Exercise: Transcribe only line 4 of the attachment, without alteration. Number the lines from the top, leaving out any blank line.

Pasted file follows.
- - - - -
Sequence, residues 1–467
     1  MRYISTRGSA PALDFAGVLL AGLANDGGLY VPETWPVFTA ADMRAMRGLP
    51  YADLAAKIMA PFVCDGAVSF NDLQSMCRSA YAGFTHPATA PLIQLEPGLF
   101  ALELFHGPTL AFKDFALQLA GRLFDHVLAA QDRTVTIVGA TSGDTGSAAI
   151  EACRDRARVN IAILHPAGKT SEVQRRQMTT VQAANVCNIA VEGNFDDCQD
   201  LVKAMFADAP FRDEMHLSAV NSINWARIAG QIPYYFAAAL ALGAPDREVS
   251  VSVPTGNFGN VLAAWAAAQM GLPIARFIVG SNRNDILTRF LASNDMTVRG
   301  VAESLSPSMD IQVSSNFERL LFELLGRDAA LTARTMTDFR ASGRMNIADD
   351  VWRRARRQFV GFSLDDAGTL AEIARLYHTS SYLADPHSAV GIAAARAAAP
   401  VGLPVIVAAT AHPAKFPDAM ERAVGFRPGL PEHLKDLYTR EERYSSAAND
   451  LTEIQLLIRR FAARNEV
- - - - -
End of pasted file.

   101  ALELFHGPTL AFKDFALQLA GRLFDHVLAA QDRTVTIVGA TSGDTGSAAI